James Wadleigh, the former CEO of Connecticut’s health insurance exchange, Access Health CT, has paid a $5,000 civil fine for accepting employment with a state contractor within one year of leaving his post, the Office of State Ethics said in a settlement released Wednesday.
The Office of State Ethics also imposed a $5,000 penalty on Softheon, Inc., the Stony Brook, New York based business contracted in 2017 to provide Access Health CT with more than $50,000 worth of health care information technology services. The company paid the fine for offering Wadleigh a job as its chief operating officer in September after he left the state agency in April.
Wadleigh, who stated he misunderstood the state’s code of ethics “revolving door” provisions, left the position at Softheon Inc. in October. James Michel, a long-time director at Access Health CT, was appointed to lead the state’s health insurance exchange in September.
Connecticut state law prohibits public officials substantially involved in negotiations or awards of state contracts valued at $50,000 or more from accepting employment from a party to that agreement for one year after leaving office. It also similarly bars any party to state contracts from employing former public officials under those circumstances.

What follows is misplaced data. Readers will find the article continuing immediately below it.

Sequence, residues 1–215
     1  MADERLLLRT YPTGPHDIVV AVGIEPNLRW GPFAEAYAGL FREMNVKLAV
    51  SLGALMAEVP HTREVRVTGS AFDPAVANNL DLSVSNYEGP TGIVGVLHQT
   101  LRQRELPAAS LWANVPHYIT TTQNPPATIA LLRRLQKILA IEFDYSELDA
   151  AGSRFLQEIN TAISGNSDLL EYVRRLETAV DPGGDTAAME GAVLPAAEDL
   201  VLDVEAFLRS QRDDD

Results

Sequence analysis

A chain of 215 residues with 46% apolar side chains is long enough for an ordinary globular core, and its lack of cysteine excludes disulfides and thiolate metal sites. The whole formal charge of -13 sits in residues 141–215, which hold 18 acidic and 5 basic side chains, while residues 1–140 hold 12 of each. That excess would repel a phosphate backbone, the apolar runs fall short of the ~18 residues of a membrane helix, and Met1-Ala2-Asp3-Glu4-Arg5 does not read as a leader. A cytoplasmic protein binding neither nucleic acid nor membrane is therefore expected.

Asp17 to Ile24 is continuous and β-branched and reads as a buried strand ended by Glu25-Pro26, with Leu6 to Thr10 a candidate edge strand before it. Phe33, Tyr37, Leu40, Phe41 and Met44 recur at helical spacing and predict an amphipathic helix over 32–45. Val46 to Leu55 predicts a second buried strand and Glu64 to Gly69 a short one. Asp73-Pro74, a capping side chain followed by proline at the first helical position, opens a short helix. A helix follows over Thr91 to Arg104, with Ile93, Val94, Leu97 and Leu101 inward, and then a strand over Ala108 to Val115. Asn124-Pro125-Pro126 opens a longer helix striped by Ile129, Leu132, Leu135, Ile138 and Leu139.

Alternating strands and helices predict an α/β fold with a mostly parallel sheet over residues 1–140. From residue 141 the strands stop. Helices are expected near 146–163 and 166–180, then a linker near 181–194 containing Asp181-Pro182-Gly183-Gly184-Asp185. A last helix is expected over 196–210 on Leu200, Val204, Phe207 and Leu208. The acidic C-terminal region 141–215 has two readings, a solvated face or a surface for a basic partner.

“When state employees leave state service it is critical for them to understand that there are very specific revolving door provisions, which ban particular actions,” said Carol Carson, the executive director of the Office of State Ethics. “Know the limits, contact our legal division for advice and then follow the advice you are given.”
According to the Office of State Ethics, Wadleigh participated substantially in the negotiations or award of the state contract with Softheon Inc. last year.
In the settlement, Wadleigh states he contacted the Office of State Ethics in February to seek advice on any restrictions applicable to his employment after leaving Access Health.
“[Wadleigh] mistakenly understood that the one-year restriction on his ability to become employed by the Stony Brook business was tied to the anniversary of his signing the contract with the Stony Brook business. He did not realize at the time that the limitations on these facts ran for one year from his departure from AHC,” according to the settlement.